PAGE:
Nawaz Sharif, leader of the main opposition PML-N party, has called upon Pakistanis to rise up against the government, which is viewed as failing on political, economic and security fronts.

But authorities would also step up their efforts to stop the protests, Kamal Hyder, Al Jazeera's correspondent in Islamabad, said.

"Large-scale arrests have continued in Pakistan and there is a likelihood that there will be even more arrests."

Protest ban

Lawyers, opposition parties and civil activists are undertaking a so-called long-march of 1,500km from the city of Karachi to Islamabad to demand that Asif Ali Zardari, the president, reinstate judges sacked by his predecessor Pervez Musharraf.

Sharif's PML, whose main base is in Punjab, also supports the reinstatement of the judges.

The march, which began on Thursday, is occurring despite a ban on rallies in Punjab, which surrounds Islamabad and is the nation's most important political constituency, and Sindh, where Karachi is located.

Our correspondent said the protests are adding to Pakistan's difficulties.

In depth


 Video: Pakistan activists launch long march for justice
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"The political crisis in Pakistan is coming to a boiling point and that has prompted the international community ...  to speak to the Pakistan leadership and try to avert a major political crisis within the country," he said.

"For Pakistan it is a crisis it could do without because of the economic crisis and other political issues that still confront the country."

Speaking to Al Jazeera, Talat Masood, a retired Pakistani general, said: "[This] is one of the most serious [political crisis] that Pakistan has witnessed in the last 61 years, because it has so many implications.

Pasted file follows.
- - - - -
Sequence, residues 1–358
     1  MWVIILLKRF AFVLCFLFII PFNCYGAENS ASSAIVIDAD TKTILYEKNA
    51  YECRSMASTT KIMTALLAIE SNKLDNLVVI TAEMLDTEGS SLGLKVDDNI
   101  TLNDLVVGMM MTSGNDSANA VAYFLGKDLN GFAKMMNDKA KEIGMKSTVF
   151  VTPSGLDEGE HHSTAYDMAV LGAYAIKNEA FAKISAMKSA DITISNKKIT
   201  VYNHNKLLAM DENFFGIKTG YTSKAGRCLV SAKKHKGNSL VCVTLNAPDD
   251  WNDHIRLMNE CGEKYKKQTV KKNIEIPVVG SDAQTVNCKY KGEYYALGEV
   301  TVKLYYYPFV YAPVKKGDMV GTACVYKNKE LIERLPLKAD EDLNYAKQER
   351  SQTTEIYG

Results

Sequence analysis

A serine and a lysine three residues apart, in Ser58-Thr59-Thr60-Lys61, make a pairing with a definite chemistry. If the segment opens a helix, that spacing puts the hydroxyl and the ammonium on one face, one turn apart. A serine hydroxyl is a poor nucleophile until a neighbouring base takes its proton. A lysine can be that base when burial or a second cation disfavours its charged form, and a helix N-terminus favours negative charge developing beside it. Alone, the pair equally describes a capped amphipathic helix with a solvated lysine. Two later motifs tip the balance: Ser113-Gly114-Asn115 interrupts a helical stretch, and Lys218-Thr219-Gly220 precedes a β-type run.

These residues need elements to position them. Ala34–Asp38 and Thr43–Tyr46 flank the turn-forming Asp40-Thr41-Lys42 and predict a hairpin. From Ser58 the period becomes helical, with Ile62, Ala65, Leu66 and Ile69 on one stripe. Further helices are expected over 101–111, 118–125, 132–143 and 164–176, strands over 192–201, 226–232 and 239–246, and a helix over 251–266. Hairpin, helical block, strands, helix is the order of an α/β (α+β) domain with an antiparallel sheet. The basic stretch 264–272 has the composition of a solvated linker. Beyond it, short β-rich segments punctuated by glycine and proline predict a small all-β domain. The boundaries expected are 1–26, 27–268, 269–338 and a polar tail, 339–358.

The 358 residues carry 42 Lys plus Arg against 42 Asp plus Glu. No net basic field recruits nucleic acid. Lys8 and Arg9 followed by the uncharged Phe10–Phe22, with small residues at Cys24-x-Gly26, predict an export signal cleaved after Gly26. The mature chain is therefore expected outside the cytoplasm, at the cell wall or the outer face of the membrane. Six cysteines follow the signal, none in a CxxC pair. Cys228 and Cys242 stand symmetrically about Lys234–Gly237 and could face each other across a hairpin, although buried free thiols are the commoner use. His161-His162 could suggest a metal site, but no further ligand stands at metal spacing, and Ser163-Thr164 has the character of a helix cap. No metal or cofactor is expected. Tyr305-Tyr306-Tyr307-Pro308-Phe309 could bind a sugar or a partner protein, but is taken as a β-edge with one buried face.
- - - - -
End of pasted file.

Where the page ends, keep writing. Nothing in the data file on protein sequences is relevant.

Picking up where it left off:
"Firstly, the government which came with a popular mandate, is no longer popular. In fact the popularity of President Zardari is less than 10 per cent.

"What is worse is that his own party is today factionalised and it is imploding from the inside.

"At the same time the military is not supporting him. And he is behaving very authoritative and dictatorial, so it makes matters worse."

Opposition popular

Masood said that there was huge support for the opposition, whose parties have drawn together.

"Even if you suppress it there is no victory in this, because this movement will not go away," he said.

Against this backdrop of rising political tension, Richard Holbrooke, the US special envoy to Pakistan and Afghanistan, and Anne Patterson, the US ambassador to Pakistan, spoke to Zardari by telephone on Thursday.

The US stressed the need for violence to be avoided, according to the state department.